Choutari Mentorship for Emerging Writers
(with Praveen, Santona, and Sagun)
Along with my fellow editors for February, I am honored to greet our Choutari audience with the first issue on behalf of the expanded team of editors (added a new member again this month–see his bio below). When it comes to professional networking and contributing to a network, bigger is better! Let me start by saying that I am excited because I believe that our big new team will serve you even better ELT khurak in the days to come. Thank you for being here!
As you may have noticed, the quality of materials that we have been publishing has (naturally) varied, and this is because we have not yet implemented a rigorous enough peer-review mechanism. To be realistic, we won’t implement anything like what conventional journals do–and indeed, we don’t want to. A blogzine needs to remain flexible, as well as doable within the limits of the monthly cycles and our volunteer work. However, starting this month, we will be implementing some wonderful new ideas. And we need your support as writers and mentors (if you are able to the give a little time to help the Nepalese ELT community).
Just to give you a sense about what happens in Choutari before the sun rises every beginning of the month, both the editors and the respective authors generally engage in a conversation for reviewing and editing process. More than half of the entries published here required not only substantial feedback and comments but also guidance on proper language pitch and cohesion. The team has been providing such supports to the contributors by connecting them with the team members and the experts beyond the team.
The concept of supporting the emerging writers to bring an impact in the long run was further refined when I joined the team and pitched my idea. To put it in another way, behind the monthly issues of the blogzine ‘NeltaChoutari’ is a great community, and that community is characterized by intellectually invigorating discussions, collaborative work for collecting and producing quality materials, and efforts to support and mentor emerging writers in the Nepalese ELT community. It led to the new initiative Choutari Mentorship Project (CMP), which I would like to formally announce through this editorial. The links to mentor and mentee survey forms are provided at the footnote section of this blog post. Thank you in advance for your response.
The CMP is an attempt to make the process of mentoring more organized, more broad-based, and more productive. From our own experience, we editors have realised that the concept is very powerful and could help support the larger audience toward improving their writing skills (specifically) and engagement in professional conversation through networking (more generally). The project is also an attempt to make visible what goes behind among a friendly and informal group of active and productive scholars. We are directed by a strong belief that having a mentor tremendously increases possibilities of ‘growing’ as a successful writer. Thus, we are developing a simple mechanism for tapping into the expertise and encouragement of a more experienced colleague for anyone who wants to contribute to Choutari.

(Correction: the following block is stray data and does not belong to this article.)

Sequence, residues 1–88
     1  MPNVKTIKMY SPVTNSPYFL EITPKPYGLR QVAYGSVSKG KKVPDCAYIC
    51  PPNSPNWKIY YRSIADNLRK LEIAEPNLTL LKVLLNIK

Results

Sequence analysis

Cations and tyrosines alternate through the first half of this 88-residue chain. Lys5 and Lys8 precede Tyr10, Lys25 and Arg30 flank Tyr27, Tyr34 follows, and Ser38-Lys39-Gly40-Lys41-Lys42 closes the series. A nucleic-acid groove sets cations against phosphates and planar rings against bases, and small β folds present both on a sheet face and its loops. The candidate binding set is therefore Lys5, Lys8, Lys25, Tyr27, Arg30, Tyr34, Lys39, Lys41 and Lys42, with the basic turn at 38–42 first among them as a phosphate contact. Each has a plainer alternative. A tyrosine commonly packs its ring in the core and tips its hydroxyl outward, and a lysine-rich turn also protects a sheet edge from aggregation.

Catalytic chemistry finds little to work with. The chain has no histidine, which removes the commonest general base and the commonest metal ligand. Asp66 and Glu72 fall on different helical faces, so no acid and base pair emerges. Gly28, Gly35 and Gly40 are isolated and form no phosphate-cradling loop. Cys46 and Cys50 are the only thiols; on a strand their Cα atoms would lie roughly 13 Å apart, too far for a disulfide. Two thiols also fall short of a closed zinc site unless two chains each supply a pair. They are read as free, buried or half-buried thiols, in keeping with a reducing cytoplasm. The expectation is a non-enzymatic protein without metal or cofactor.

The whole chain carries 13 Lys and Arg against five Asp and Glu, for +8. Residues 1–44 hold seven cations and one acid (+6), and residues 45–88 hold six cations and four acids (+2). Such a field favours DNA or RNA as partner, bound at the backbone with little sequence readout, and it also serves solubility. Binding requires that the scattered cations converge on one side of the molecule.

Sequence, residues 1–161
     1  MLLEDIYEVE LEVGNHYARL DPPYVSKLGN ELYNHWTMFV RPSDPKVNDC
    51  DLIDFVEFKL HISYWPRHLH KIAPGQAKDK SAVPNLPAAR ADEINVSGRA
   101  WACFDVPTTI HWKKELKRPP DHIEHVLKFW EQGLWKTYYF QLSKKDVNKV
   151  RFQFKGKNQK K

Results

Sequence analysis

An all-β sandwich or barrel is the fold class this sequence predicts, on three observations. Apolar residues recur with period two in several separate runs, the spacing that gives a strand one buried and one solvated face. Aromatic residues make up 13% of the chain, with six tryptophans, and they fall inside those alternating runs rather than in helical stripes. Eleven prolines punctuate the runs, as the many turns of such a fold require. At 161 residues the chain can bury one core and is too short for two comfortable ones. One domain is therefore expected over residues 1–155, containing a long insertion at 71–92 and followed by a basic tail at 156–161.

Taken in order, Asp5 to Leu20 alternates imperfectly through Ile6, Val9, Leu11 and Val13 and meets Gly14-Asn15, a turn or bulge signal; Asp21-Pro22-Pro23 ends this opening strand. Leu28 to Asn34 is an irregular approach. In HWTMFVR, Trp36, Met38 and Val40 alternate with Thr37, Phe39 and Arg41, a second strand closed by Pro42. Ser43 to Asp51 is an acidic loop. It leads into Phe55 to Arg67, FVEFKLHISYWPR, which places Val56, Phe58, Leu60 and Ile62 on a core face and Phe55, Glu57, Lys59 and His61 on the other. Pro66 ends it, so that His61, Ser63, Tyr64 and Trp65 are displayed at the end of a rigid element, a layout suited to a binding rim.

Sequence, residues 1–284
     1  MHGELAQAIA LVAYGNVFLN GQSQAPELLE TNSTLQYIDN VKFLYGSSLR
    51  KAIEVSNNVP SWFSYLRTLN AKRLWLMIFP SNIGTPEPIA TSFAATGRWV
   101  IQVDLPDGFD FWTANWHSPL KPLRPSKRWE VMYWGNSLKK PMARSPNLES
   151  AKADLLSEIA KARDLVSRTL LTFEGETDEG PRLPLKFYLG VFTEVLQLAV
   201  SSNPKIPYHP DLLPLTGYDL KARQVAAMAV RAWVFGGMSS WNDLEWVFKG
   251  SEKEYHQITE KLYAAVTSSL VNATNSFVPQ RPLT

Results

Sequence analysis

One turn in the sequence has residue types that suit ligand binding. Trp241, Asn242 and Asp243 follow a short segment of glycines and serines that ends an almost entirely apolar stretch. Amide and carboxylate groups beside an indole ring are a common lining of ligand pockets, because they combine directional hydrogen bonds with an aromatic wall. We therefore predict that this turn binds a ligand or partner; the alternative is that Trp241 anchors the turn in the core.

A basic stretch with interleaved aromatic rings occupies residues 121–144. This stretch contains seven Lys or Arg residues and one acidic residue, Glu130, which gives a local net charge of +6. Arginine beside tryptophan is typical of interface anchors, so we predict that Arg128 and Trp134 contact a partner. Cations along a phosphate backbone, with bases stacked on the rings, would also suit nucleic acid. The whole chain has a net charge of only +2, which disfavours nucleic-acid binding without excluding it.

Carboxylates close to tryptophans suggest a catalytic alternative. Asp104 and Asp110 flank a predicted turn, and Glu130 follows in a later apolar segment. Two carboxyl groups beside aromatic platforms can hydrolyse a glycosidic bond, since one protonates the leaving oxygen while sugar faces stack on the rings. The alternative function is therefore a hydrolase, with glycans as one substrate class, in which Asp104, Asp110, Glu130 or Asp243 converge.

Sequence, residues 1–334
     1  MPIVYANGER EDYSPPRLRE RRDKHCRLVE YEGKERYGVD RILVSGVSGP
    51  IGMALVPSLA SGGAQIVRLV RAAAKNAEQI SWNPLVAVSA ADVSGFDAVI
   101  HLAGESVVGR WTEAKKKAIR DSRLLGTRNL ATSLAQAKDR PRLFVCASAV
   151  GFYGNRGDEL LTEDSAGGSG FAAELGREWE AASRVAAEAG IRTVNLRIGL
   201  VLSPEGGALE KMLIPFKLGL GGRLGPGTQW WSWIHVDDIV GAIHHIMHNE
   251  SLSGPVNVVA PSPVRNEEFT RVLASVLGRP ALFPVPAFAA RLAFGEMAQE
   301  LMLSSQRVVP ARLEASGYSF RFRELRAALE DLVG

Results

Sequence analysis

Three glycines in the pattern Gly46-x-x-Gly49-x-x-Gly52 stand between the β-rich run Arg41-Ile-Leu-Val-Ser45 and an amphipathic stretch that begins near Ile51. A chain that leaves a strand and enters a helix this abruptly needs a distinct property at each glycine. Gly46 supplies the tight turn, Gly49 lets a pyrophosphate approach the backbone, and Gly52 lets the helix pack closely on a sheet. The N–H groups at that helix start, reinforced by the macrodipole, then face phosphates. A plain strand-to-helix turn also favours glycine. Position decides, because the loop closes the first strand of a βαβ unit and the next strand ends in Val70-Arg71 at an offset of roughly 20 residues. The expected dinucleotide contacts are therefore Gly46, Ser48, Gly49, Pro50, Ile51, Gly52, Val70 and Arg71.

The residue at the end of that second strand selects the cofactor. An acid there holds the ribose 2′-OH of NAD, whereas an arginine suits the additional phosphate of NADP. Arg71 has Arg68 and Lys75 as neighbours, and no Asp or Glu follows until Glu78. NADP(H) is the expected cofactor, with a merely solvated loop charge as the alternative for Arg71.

Going through the process mentioned above, I along with my fellow editors for February have come up with a variety of good materials for this month. In the light of her own personal upbringing as a female in Nepalese society and then in the academia, Sweta Baniya discusses the social constructions of gender and gender roles. In her post, titled “Gender through Socio-behavioural and Academic Perspective,” she presents gender identity through social and intellectual lenses. She also appeals the audience to share their views and thoughts about gender and gender role particularly in the context of ELT and their professions in general.
In the second entry, Using Corpora in English Language Teaching, Hima Rawal argues that using corpora could be one of the most efficient ways to teach language. Inviting English language teachers, textbook writers and researchers to use corpora to add value to their works, she presents some of the most prevalent corpora in the field of ELT, briefly discussing how to use them in the ELT classroom.